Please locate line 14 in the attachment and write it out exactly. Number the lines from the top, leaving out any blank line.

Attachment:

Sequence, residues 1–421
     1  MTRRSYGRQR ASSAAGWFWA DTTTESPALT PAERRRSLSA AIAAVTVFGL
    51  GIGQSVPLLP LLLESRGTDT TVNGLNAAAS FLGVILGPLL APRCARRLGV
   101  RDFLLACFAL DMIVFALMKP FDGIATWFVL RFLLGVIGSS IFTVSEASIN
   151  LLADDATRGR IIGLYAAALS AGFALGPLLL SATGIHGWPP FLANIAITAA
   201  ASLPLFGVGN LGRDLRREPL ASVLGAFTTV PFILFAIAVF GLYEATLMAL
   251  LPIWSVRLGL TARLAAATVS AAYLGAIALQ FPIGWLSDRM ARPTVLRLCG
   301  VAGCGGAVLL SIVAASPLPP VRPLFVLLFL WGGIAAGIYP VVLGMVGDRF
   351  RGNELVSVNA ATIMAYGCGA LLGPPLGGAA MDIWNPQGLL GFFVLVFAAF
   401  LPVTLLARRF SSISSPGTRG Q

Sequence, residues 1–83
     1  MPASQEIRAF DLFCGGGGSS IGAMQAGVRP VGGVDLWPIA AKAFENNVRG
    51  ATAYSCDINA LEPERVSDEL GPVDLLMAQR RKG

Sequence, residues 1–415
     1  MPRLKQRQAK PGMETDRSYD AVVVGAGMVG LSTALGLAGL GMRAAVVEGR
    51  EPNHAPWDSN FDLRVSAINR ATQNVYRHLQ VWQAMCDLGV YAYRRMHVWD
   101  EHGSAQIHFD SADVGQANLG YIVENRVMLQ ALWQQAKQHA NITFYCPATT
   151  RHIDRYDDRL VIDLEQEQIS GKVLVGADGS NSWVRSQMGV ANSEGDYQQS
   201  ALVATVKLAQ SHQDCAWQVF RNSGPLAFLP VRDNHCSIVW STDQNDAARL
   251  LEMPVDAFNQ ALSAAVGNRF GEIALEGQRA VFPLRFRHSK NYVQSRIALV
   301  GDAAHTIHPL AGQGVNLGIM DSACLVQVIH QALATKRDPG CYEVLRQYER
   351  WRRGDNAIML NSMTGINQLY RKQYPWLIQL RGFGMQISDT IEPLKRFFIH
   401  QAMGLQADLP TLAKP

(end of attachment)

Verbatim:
Sequence, residues 1–415